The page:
After the Cuban crisis, on April 16, 1963 during launch operations aboard the USS Enterprise (CVAN-65) his RF-8A was downed for an oil leak. Taxiing off the cat, his jet was hit broadside with the blasts of several A-4s ready for launch. His RF-8 started to slide on the slippery deck and nothing could stop it, including stearing, brakes, and a wheel chock hastely thrown under his jet. His doomed jet went over the side and he made another low-level ejection. Fortunately his chute opened, but he entered the water still in his seat. Fortunately, he was rescued by the ship's guard heliocopter. He spent several days in sick bay. His maintenance crews chided him, "Next time bring back the airplane."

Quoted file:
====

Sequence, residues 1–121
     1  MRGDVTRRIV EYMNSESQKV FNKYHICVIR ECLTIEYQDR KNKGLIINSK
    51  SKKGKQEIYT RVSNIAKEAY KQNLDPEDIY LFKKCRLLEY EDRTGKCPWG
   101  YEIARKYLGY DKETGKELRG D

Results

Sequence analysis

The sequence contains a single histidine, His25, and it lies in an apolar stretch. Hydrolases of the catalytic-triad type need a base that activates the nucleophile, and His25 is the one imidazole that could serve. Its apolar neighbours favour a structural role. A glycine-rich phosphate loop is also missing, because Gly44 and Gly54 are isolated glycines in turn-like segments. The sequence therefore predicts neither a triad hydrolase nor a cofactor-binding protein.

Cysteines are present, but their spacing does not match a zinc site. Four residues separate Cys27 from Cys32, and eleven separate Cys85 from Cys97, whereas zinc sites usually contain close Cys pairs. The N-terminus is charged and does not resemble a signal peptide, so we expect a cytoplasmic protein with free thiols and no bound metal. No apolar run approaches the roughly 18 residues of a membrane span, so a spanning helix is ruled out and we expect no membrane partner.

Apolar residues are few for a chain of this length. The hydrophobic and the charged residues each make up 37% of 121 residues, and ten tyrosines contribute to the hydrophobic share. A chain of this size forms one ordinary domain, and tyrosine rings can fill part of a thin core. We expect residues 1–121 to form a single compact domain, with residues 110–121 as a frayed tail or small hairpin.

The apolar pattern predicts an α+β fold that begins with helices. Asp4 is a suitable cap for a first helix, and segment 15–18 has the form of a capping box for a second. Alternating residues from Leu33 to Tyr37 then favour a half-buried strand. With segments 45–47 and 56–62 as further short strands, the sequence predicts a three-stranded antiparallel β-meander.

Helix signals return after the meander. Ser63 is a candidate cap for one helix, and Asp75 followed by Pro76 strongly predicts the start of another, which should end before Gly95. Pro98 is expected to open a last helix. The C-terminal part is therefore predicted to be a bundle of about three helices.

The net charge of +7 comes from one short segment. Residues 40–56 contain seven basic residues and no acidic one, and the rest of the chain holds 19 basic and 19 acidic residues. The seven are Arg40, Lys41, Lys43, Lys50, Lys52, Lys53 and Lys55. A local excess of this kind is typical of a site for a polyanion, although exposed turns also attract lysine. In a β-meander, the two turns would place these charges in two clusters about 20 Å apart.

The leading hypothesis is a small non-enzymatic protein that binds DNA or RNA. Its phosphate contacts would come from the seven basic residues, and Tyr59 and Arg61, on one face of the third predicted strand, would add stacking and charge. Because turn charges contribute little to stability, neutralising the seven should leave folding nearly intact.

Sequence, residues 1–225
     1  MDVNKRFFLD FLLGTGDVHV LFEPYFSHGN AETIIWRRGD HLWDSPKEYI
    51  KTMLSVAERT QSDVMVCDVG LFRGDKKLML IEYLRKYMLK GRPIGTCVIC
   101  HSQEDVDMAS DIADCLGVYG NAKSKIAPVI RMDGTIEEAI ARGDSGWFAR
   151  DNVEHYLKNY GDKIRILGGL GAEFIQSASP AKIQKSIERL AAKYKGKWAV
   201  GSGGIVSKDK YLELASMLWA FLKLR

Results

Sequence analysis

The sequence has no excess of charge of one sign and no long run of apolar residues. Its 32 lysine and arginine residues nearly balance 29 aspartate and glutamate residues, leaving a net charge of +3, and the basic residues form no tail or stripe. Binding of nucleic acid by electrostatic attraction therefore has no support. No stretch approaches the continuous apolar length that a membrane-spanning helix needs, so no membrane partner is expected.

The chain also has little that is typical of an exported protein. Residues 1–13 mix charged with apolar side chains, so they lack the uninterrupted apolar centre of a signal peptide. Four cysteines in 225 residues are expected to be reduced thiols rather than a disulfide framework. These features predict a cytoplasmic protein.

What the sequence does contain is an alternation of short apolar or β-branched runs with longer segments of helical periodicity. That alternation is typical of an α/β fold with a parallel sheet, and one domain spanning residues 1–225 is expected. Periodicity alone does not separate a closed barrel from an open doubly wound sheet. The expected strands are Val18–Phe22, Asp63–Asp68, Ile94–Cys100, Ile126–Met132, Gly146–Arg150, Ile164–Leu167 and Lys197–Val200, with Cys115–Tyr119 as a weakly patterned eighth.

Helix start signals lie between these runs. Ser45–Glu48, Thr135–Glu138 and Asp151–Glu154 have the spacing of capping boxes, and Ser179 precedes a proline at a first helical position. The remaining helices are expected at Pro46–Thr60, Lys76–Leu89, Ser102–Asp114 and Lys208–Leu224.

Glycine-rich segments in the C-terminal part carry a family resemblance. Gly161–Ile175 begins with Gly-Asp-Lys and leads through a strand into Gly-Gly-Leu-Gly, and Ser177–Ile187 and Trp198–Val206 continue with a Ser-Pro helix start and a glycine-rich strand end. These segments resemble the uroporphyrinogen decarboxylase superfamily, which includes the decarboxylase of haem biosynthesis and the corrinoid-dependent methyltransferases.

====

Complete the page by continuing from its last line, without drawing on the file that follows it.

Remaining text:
Lt. Cmdr. Kelt received the Distinguished Flying Cross with 11 other VFP-62 pilots for their critically important missions over Cuba during October-November 1962. VFP-62 received the Navy Unit Commendation presented by President Kennedy on November 29, 1962.

Lt. Cmdr. Kelt in water waiting for helicopter rescue.

In sick bay recovering from his accident, crew members show their affection and support.

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    Updated 3/9/18